Need To Know: Noise & Hearing Protection


“Sound is what we hear. Noise is unwanted sound”“Sound is what we hear. Noise is unwanted sound” as defined by the OSH Answers, noise can be continuous, variable, intermittent or impulsive depending on how it changes over time.

As measured in decibels (dB) or A-weighted decibels (dBA), sound around us such as a normal conversation can produce about 65 dBA, hair dryer/ lawnmower about 90 dBA, concert/ sporting event/ ambulance siren about 120 dBA, and fireworks display/ jet engine at takeoff about 140dBA.

According to the ACGIH established exposure guidelines for occupational exposure to noise in their Threshold Limit Values (TLVs) (85 dBA PEL with a 3 dBA exchange rate), a noise level over 85 dBA each day increases the risk factor for hearing damage.

SOLUTION: How to reduce noise?

First, use a quieter process or equipment to avoid loud and unpleasant noise;

Second, keep yourself away from noisy machinery, or limit the time spent in noisy areas;

Third, use hearing protection device, for instance, earplugs and earmuffs.

In most settings and activities, hearing protectors might be the best and the most practical solution.

Generally, there are three types of noise cancellation – passive, active and adaptive, among which, passive noise cancellation (PNC) and active noise cancellation (ANC) are two of the common types. Then what are the differences between PNC and ANC?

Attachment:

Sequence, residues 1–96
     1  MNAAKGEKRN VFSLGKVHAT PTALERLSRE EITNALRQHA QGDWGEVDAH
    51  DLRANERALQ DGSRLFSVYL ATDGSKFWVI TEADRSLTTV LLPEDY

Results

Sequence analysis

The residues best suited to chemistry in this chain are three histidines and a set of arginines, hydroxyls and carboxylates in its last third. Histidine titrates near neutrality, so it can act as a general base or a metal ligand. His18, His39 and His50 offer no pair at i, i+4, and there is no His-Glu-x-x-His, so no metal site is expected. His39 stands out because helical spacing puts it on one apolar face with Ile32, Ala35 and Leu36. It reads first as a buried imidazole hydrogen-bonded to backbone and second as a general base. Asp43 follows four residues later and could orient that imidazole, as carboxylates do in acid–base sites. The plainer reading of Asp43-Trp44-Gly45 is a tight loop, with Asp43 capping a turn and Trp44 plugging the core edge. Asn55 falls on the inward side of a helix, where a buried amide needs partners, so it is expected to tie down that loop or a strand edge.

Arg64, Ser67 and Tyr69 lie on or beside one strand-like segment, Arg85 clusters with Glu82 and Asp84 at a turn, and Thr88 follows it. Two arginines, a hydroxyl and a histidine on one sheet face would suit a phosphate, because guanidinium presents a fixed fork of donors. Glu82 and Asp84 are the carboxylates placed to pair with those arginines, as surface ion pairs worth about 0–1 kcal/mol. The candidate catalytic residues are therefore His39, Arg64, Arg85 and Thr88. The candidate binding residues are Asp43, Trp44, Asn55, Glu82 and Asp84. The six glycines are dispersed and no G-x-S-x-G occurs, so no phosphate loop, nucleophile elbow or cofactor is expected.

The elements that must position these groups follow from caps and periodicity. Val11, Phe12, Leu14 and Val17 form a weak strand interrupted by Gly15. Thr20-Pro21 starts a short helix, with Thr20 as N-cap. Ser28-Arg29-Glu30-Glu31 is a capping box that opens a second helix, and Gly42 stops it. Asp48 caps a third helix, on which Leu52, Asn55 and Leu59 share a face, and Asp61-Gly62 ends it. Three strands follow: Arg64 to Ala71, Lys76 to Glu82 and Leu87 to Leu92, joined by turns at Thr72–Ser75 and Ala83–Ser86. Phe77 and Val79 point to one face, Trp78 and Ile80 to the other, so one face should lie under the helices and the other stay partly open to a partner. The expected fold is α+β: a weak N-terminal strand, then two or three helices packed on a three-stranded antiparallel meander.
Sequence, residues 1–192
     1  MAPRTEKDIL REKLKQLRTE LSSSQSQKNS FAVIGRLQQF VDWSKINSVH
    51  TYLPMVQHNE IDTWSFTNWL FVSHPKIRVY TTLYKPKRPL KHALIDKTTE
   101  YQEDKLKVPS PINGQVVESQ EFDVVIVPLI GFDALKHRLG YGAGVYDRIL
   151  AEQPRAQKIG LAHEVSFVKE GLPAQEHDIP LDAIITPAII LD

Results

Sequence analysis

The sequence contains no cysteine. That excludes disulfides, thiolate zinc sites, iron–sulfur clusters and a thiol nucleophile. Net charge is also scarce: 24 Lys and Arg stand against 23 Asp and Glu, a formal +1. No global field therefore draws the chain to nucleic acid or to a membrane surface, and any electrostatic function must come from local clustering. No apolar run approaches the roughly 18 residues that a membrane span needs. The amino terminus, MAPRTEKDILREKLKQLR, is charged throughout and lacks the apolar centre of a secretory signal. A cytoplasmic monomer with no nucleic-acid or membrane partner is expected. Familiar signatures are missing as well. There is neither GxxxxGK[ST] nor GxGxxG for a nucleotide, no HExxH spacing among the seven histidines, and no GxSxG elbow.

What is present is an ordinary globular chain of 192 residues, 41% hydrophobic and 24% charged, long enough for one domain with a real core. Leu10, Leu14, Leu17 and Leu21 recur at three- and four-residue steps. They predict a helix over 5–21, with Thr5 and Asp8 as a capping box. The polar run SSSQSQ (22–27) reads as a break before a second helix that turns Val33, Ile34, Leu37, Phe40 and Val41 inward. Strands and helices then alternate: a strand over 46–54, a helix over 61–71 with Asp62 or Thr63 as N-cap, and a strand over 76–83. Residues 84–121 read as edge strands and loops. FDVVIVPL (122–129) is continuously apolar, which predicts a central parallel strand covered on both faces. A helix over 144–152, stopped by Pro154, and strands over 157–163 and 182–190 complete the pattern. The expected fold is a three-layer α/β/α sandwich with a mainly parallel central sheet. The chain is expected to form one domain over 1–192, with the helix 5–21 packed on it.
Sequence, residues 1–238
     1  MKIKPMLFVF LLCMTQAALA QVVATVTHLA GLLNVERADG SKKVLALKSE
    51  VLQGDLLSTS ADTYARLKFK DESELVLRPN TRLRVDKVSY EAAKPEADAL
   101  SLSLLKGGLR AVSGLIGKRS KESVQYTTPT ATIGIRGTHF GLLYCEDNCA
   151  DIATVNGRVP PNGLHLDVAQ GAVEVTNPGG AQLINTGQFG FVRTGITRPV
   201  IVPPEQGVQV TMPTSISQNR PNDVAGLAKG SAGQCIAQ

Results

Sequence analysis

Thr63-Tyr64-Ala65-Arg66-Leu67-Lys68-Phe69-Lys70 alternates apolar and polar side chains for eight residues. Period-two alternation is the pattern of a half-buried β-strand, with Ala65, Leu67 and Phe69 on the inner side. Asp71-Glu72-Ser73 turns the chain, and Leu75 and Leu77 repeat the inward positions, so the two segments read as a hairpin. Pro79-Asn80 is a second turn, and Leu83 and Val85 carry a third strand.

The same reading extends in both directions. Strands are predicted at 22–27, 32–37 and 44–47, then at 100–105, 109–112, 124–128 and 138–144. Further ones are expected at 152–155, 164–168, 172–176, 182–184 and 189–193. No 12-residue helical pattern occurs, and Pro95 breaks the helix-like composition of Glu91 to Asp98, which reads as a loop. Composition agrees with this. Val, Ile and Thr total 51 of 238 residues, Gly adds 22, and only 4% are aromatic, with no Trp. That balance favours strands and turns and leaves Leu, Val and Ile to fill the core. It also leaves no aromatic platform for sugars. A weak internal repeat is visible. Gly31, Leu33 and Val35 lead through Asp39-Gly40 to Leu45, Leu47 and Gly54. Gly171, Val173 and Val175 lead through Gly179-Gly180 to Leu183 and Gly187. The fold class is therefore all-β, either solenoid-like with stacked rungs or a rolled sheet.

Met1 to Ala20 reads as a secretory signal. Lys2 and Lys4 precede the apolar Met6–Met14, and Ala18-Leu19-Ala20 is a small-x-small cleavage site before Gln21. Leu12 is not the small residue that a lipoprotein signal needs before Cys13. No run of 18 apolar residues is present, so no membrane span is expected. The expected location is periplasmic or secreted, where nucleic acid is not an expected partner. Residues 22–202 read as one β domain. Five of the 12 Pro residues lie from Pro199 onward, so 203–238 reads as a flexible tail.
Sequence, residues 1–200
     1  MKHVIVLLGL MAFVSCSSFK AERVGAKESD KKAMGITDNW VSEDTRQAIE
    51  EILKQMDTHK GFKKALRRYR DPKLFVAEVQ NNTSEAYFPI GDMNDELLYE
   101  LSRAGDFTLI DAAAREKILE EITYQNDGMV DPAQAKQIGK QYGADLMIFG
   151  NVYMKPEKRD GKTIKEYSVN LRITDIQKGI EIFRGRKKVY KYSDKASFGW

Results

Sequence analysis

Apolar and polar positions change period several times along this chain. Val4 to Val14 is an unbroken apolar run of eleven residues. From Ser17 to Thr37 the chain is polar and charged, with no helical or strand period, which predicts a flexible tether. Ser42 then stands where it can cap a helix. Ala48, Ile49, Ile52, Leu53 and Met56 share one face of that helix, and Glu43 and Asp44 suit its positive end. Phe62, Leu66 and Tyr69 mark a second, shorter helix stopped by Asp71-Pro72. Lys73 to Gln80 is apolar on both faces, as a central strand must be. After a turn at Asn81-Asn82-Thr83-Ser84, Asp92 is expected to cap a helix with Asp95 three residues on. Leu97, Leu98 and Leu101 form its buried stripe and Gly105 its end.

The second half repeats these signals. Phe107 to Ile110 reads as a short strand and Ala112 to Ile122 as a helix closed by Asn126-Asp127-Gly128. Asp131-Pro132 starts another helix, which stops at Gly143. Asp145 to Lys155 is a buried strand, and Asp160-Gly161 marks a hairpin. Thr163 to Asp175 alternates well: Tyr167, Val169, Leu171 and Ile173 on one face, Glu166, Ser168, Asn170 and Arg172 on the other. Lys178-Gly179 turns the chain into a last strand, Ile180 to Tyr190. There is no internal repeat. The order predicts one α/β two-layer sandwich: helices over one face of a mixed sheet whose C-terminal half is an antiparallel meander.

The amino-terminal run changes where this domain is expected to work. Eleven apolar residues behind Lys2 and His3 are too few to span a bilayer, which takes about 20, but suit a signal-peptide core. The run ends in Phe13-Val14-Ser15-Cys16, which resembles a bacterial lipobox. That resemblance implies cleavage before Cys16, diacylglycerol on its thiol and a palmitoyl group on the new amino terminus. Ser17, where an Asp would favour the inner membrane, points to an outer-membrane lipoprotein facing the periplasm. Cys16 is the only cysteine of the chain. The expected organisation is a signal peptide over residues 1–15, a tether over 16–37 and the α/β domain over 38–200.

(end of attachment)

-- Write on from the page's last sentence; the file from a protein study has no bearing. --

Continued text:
Briefly, passive noise cancellation is a method of naturally muffling noises by sound-absorbing acoustic foam and thicker ear cups sealing around the ear. While active noise cancellation actively blocks out external noise by digital or analog circuitry compressing or cancelling any noise above a prescribed level.

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OPTION: What types of hearing protectors are available?

Pre-molded/ reusable earplugs, canal caps, and non-electrical earmuffs are available hearing protectors featuring passive noise cancellation, while most electronic earmuffs actively attenuate noise via noise-cancelling technology. Both types of hearing protectors provide a certain noise reduction rating (NRR) or signal-to-noise ratio (SNR) value of its effectiveness of noise reduction or attenuation.

Though PNC and ANC technologies have several distinctions, they have their own advantages and limitations. A proper combination for maximum cancellation may be a good choice. However, one thing must be clear; to combine earplugs and earmuffs does not mean to double the efficiency. In fact, the dual protection actually only provides an additional 5 dB of hearing protection.

ALWAYS wear hearing protectors correctly for optimal fit and protection.


  • It is important to maintain hearing protectors for long-lasting noise reduction, hygiene and comfort.
  • Do not immerse hearing protectors in water; only wipe the surface with damp cloth; and store in a case to prevent exposure to excessive heat or moisture when not in use.
  • Check earmuffs on a regular basis for possible defects, such as cracks, deformed shape or reduced tension, and use hygiene kits to maintain or replace if necessary.
  • The cushion should be changed every six months and the entire earmuff should be replaced every two years.